The twin blasts at the Boston Marathon finish line Monday—which killed at least three people and injured dozens of others—were evocative of the what the world has come to see as terrorism in our post 9-11 world: destructive carnage at a high-profile venue.
But officials have been cautious about affixing the term “terrorism” to the event. “We’re not being definitive about this right now, but you can reach your own conclusions based on what happened,” Boston Police Commissioner Ed Davis replied to a question posed shortly after the blasts about whether they were a terrorist attack. The fact that the experts are uncertain should send a message to journalists: Until we know who the perpetrators are or why they did it, apply the “t-word” with care.
“The media has no role, since it has no expertise, in determining whether an act is one of terrorism or not,” Bruce Hoffman, a terrorism scholar at Georgetown University, wrote in an email. “One thing is that they should resist pressing the authorities, pundits, and those who have specialized in studying terrorism for many decades to speculate on who may have done it and why.”
The best the media can do is wait until someone more qualified can make the determination, Hoffman added. Any rush to judgment can lead to mistakes such as attributing the 1995 Oklahoma City bombings to jihadis or the 1996 Atlanta Olympics blast to an innocent security guard.
Besides it being early in the investigation, journalists should be mindful that there isn’t even a consensus understanding of what terrorism actually is.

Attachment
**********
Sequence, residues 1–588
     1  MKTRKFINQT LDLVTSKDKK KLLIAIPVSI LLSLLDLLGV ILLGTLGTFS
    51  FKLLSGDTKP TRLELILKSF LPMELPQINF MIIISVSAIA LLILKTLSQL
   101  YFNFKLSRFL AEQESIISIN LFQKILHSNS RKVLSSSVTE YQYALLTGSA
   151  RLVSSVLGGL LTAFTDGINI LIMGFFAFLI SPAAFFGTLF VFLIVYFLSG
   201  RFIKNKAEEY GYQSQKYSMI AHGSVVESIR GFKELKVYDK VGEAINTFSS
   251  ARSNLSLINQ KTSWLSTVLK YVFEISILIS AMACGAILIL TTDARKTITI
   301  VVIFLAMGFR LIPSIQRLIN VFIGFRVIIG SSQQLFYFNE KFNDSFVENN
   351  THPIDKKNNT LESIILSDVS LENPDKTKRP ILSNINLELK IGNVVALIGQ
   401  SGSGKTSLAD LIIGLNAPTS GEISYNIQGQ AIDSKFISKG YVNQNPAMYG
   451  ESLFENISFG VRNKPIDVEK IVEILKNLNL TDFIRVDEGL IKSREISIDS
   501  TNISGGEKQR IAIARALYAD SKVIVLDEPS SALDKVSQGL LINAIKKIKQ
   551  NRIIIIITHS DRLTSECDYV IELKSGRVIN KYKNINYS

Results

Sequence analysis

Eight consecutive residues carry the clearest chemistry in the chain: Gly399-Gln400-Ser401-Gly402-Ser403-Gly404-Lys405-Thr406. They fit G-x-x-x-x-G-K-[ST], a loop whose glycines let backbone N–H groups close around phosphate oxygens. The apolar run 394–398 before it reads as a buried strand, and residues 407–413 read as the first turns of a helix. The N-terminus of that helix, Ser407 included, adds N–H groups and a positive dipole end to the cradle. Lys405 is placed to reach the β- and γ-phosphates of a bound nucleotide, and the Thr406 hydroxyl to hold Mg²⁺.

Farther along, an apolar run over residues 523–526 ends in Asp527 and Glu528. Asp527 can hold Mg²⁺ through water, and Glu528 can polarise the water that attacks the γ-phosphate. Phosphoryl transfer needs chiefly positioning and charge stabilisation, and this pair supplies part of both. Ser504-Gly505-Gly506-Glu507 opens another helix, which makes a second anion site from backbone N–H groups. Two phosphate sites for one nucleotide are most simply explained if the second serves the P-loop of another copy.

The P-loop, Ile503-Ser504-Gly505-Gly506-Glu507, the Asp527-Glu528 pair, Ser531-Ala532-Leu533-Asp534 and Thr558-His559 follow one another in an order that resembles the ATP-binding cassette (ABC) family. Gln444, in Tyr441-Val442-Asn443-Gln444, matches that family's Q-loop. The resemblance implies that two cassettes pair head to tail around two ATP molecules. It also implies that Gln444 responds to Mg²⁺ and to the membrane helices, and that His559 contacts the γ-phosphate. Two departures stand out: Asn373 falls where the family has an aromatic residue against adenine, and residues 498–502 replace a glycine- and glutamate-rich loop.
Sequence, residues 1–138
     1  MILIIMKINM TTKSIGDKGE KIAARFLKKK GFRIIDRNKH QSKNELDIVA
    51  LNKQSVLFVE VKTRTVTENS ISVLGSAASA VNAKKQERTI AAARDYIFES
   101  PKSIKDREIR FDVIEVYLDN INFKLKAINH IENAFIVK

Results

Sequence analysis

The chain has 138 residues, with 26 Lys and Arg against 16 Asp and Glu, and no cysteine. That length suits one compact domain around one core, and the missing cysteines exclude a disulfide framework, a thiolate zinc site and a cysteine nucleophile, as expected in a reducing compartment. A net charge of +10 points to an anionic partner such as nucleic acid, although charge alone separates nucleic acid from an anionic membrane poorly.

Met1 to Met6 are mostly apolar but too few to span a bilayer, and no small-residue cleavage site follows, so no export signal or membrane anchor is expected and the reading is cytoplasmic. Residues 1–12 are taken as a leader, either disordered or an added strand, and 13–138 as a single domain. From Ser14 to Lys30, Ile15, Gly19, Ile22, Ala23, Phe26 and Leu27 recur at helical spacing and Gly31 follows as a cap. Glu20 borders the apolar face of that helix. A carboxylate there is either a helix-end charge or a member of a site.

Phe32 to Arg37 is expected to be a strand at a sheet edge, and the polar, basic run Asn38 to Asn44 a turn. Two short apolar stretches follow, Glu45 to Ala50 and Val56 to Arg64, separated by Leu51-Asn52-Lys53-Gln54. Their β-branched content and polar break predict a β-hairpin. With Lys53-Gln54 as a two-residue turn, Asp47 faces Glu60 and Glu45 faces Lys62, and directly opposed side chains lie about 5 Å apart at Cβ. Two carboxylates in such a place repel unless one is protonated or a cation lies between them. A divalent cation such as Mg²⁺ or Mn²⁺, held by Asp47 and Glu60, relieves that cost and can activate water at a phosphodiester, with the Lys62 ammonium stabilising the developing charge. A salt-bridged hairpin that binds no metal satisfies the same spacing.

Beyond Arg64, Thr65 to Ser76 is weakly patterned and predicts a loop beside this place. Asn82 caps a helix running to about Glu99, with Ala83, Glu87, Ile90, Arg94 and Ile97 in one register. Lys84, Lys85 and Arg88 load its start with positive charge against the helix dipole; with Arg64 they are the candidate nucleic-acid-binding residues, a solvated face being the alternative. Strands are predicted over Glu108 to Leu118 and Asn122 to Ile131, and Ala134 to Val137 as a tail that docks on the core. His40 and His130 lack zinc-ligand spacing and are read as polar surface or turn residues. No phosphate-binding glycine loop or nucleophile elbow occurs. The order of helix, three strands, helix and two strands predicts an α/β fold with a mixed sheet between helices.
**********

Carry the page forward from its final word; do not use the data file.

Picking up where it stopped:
As Ezra Klein noted on Tuesday, the FBI defines terrorism as “the unlawful use of force and violence against persons or property to intimidate or coerce a government, the civilian population, or any segment thereof, in furtherance of political or social objectives.” Nonetheless, “There is no single, universally accepted, definition of terrorism,” according to the FBI document Klein cites.
“Everybody needs to be cautious. The term is thrown around way too liberally,” said Josh Meyer, who covered terrorism for the Los Angeles Times before teaching on the issue at the Medill School of Journalism. “It certainly is an act of horrific violence but it’s too early to call it an act of terrorism.”
Of course, sometimes media just can’t wait. CNN consciously made the decision to call the incident a “terrorist attack.”
CNN editorial decision: We will now call what happened in Boston a terrorist attack— RAGreeneCNN (@RAGreeneCNN) April 15, 2013
In a Web story, the network also acknowledged that a “law enforcement official said there was no specific suspect in the bombings and no leading theory on a motive.”
The New York Post declared an injured Saudi man questioned by authorities to be a potential terrorist, while across the Atlantic, papers like The Guardian called it a “terror” attack on its front page just hours after it happened.
Other outlets waited for someone authoritative like Obama to use the word. When the president didn’t say “terrorism” in his Monday evening public address on the blasts—a deliberate decision according to the White House, though Obama did acknowledge the next morning that “the FBI is investigating it as an act of terrorism,”—journalists analyzed the omission. NBC’s Chuck Todd had a good explanation of the president’s caution:
That doesn’t mean that [the White House doesn’t] believe and they aren’t treating this as an act of terror, but that they’re being very careful. And part of the reason why is that they—and the president himself seemed to emphasize this—is they still don’t know who did this, nor do they know the motivation. Is it an individual? Is it a group? Is it domestic? Is it international?
That uncertainty is troubling in a media environment where journalists seek answers instantaneously. That the US government is treating the investigation as an act of terror should neither come as a surprise nor does it illuminate our understanding of the attack. Simply put, we don’t know anything yet and, until we do, journalists should avoid applying a label that comes with a lot of historical and prejudice-related baggage.